20 Years Later: Revisiting Medeski Martin & Wood’s Sonically Mysterious ‘Uninvisible’ LP

Not wholly unlike The Dropper in its adventurous approach to composing and arranging, this next to the last MMW effort for Blue Note (not counting the Note Bleu anthology) almost qualifies as its companion piece (right down to the bizarre cover images). Certainly, it’s an exercise in the use of the recording studio as an integral component of the creative process and, in that sense, with its interweaving of funk and free playing, the trio parses down the mix to an even finer extent than on its 2000 predecessor. Consequently, much as 1995’s Friday Afternoon in the Universe and the next year’s Shackman are mirror images of each other, so too is this later pair of records.

MMW waste no time opening Uninvisible quite purposefully with its syncopated title song. The horns of trombonist Aaron Johnson, trumpeters Jordan McLean and Todd Simon, and saxophonists Michael Herbst and Stuart Bogie swoop in from an angle almost immediately. The fittingly titled, “I Wanna Ride You” has an even deeper groove as the core three digs in: like the preceding cut, it lasts only slightly longer than three minutes, but the relative brevity, as with most of these fourteen cuts, implants a certain dream-like quality to the sequence of tracks. As a result, the cryptic LP title becomes all the more appropriate. 

And while there may be no mistaking the sonorous voice of the late Col. Bruce Hampton on “Your Name Is Snake Anthony,” the electric guitar (Danny Blume) and turntable scratching (DJ P Love) on “Pappy Check” appear altogether illusory–almost. Those fleeting elements are certainly in keeping with the pointedly understated band credits on the back cover: Medeski on keyboards, Martin aka illyB on drums and percussion and Wood on basses barely scratch the surface of the panoply of sonic textures that emanate from the various instruments on “Retirement Song” and ” Ten Dollar High” alone. (More detailed and extensive instrumental designations appear inside the double-fold digipak).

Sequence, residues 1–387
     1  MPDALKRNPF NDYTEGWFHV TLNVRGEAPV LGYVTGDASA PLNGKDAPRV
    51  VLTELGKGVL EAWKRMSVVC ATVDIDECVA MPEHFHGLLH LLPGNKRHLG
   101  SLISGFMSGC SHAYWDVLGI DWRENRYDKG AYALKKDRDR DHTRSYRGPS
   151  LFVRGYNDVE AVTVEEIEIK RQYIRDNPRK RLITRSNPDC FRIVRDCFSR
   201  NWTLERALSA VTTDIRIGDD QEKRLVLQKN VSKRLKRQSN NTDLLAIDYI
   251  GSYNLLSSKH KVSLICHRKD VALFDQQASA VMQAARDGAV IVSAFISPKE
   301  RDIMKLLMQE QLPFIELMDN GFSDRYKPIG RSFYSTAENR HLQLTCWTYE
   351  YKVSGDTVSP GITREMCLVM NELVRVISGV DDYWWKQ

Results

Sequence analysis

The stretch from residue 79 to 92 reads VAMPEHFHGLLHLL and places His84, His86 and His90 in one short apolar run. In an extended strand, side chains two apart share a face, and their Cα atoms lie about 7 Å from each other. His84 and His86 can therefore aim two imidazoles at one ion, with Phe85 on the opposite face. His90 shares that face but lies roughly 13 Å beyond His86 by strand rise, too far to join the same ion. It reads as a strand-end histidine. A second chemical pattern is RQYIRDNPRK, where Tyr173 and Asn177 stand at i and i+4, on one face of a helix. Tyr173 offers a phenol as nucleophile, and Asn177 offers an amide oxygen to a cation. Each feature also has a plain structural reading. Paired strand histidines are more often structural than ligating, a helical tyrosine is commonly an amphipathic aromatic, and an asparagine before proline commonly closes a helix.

“Where Have You Been” serves as something of a pivot point for this album. The dark mood of mystery MMW conjures, like the slightly dissonant atmosphere of “Nocturnal Transmission,” the longest cut here at 6:37,  stands as a corollary to the prevailing tenor of rhythm that precedes the number. So, by the time “Smoke” signals the home stretch of this challenging project, the thought occurs this title is something of a microcosm of MMW’s discography and by extension also, the idiosyncratic group’s whole career: unpredictable to be sure, comprised in turn of elements comfortably familiar and decidedly strange, the collective attitude permeates the technical execution to become integrated into a whole that’s ultimately compelling to follow, not to mention infectious to do so.  Ending as it does on the unsettling but otherwise thought-provoking notes of “The Edge of Night” and “Off The Table,” even two decades on, this project’s finest moments render most entrancing the listening experience that is Uninvisible.

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